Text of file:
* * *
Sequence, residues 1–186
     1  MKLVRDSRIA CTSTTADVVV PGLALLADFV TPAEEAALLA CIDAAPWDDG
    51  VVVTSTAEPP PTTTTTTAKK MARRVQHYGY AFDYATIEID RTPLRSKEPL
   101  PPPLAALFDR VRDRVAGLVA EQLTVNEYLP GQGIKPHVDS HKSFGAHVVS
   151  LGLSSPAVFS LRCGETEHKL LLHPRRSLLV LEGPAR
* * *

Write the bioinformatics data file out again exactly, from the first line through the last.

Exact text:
Sequence, residues 1–186
     1  MKLVRDSRIA CTSTTADVVV PGLALLADFV TPAEEAALLA CIDAAPWDDG
    51  VVVTSTAEPP PTTTTTTAKK MARRVQHYGY AFDYATIEID RTPLRSKEPL
   101  PPPLAALFDR VRDRVAGLVA EQLTVNEYLP GQGIKPHVDS HKSFGAHVVS
   151  LGLSSPAVFS LRCGETEHKL LLHPRRSLLV LEGPAR